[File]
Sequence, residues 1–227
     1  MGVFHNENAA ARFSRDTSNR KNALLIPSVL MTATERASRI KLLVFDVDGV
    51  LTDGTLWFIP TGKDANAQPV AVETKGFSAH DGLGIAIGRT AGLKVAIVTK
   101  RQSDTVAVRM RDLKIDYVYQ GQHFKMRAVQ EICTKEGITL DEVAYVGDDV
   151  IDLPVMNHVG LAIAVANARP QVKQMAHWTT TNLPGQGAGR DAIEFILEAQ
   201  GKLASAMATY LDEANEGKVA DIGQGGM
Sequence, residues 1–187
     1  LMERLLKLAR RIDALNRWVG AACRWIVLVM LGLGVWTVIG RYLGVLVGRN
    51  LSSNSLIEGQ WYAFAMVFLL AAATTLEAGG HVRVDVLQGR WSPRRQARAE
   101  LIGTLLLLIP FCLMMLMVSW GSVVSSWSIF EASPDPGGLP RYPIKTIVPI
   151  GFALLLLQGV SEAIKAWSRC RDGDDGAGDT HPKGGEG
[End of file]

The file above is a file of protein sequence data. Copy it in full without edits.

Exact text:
Sequence, residues 1–227
     1  MGVFHNENAA ARFSRDTSNR KNALLIPSVL MTATERASRI KLLVFDVDGV
    51  LTDGTLWFIP TGKDANAQPV AVETKGFSAH DGLGIAIGRT AGLKVAIVTK
   101  RQSDTVAVRM RDLKIDYVYQ GQHFKMRAVQ EICTKEGITL DEVAYVGDDV
   151  IDLPVMNHVG LAIAVANARP QVKQMAHWTT TNLPGQGAGR DAIEFILEAQ
   201  GKLASAMATY LDEANEGKVA DIGQGGM
Sequence, residues 1–187
     1  LMERLLKLAR RIDALNRWVG AACRWIVLVM LGLGVWTVIG RYLGVLVGRN
    51  LSSNSLIEGQ WYAFAMVFLL AAATTLEAGG HVRVDVLQGR WSPRRQARAE
   101  LIGTLLLLIP FCLMMLMVSW GSVVSSWSIF EASPDPGGLP RYPIKTIVPI
   151  GFALLLLQGV SEAIKAWSRC RDGDDGAGDT HPKGGEG